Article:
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Date: -- (:)
From: Mikkel_Fahnøe_Jørgensen <mikkel@d...>
Subject: Re: [Caml-list] embedding ocaml into a windows app: need gcc?
2008/9/27 Joel Reymont <joelr1@gmail.com>:
> Can I do without gcc if I want to embed the OCaml compiler into a commercial
> Windows app?

I assume you mean native compilation.

As mentioned, you should consider using a standalone ocaml compiler to
avoid licensing issues, but either way:

The ocamlopt compiler generates assembly source code and doesn't need
a C compiler.
It needs a runtime library, a linker and an assembler.

On Windows you need to install masm - or find a compatible
alternative. (On Unix I think gcc works as assembler).

Masm can be downloaded without too much trouble - but if you start
deploying it to other users, you may have a problem. Likewise, you
must consider if your users have a linker installed and how you can
distribute it legally.

So assuming you have an assembler, ocaml compiler, linker and ocaml libraries:

If you want to attach the generated code to a live process, you need
to create a dll or a new process. If you want to attach to existing
code then start a process, you can use static linking.

So lets assume you want to create a dll.

On Windows you don't need to compile position independent code, last
time I looked, so -fPIC is not relevant.

You compile an ocaml library and link it with other code as a dll.
With the next ocaml version you might even be able to create a dll and
use it not from OCaml but from any other program. Then the problem is
solved - except for installing all the compile tools.

Without the above solution, I have created such dll's some years back.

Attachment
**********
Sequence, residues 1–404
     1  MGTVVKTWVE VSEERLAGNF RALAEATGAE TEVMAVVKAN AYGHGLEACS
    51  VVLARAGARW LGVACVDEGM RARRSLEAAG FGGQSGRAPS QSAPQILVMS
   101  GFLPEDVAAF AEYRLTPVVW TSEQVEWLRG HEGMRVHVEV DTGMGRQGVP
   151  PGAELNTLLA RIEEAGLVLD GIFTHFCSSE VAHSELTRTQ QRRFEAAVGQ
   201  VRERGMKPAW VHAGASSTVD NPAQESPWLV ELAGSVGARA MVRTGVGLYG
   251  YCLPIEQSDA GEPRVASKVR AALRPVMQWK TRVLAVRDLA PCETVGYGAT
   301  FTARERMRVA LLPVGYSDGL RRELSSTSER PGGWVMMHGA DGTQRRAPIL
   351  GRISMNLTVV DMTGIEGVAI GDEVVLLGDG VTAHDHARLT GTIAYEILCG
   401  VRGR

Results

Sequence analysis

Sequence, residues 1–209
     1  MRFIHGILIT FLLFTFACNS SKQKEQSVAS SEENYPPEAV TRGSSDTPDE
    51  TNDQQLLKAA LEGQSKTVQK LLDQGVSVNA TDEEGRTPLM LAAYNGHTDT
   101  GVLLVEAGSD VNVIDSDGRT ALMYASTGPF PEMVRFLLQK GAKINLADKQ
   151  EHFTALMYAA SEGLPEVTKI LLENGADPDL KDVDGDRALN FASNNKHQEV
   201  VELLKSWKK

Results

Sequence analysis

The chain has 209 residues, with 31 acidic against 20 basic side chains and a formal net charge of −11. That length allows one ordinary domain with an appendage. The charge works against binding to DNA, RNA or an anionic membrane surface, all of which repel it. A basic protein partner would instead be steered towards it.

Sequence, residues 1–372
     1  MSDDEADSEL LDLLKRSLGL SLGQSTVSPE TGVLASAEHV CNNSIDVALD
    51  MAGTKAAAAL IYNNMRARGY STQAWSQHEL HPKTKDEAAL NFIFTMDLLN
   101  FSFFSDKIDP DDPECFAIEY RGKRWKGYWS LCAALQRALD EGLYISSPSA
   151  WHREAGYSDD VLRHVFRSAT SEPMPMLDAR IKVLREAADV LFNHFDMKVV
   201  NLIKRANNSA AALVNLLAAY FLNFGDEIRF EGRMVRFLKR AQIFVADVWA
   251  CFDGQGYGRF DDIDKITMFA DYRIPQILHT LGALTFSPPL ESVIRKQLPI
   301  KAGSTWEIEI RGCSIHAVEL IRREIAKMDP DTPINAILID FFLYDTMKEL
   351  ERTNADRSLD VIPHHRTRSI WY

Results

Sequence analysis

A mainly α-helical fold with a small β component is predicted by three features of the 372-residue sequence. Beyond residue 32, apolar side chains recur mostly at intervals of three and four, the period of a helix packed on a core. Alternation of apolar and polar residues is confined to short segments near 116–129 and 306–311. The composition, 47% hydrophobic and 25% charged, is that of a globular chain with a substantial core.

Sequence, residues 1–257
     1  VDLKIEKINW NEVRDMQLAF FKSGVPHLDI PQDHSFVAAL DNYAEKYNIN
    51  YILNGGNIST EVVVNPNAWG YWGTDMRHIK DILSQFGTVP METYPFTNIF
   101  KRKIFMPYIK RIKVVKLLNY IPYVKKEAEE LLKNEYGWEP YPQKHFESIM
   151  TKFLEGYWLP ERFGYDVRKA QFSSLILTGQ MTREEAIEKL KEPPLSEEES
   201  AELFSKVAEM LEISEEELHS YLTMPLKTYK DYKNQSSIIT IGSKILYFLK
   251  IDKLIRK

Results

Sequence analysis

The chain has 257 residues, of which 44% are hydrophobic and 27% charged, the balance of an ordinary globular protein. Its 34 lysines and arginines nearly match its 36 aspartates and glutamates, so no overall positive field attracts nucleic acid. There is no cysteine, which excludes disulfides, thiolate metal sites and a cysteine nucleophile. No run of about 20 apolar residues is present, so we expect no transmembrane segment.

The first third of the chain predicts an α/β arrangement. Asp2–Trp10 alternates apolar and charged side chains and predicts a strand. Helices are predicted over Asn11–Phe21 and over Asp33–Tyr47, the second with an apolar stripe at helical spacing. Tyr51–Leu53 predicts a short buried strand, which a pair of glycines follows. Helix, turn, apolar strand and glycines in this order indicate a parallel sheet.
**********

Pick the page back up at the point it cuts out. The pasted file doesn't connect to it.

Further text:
More specifically to embed an ocamlyacc compiler in other Windows
programs.

You need to get the compile flags right, but it definitely is possible.

You can also create a COM dll if you want - and call it from .Net.
The benefit of a COM dll is that you get a clear calling interface and
can interface with .NET easily. The downside is that COM projects are
ugly.

If you create a simple dll, you need a way to manage your call backs.
I have an old ocamldll library for this purpose. It lets you register
multiple ocaml function names in a dll and call them from the
application by name.

The new windows dll solution scheduled for next OCaml version has a
more elegant solution where you don't have to register callbacks:

http://alain.frisch.fr/natdynlink.html

You can probably use this even with current OCaml version since it is
Windows specific, not OCaml specific.

Let me know if I should publish my ocamldll thing which will work, but
is not cutting edge.

All that being said:

I have considered the same thing, and it is messy because of the compiler tools.

I would like an OCaml support library that can compile and execute
similar to JaveScript engines, but we don't have that in any practical
form.

So I would recommend looking into embedding a javascript compiler
instead if performance is not absolutely critical - you could still
drive fast ocaml library routines.

In the past few months performance has exploded both in WebKit and
Mozilla. Google has also released a fast engine named V8. WebKit has
LGPL licensing issues, but Mozilla and V8 should be very embeddable.
All compilers have JIT compilation, Mozilla also 64-bit.

Or look at Haxe or Lua.

Regards,
Mikkel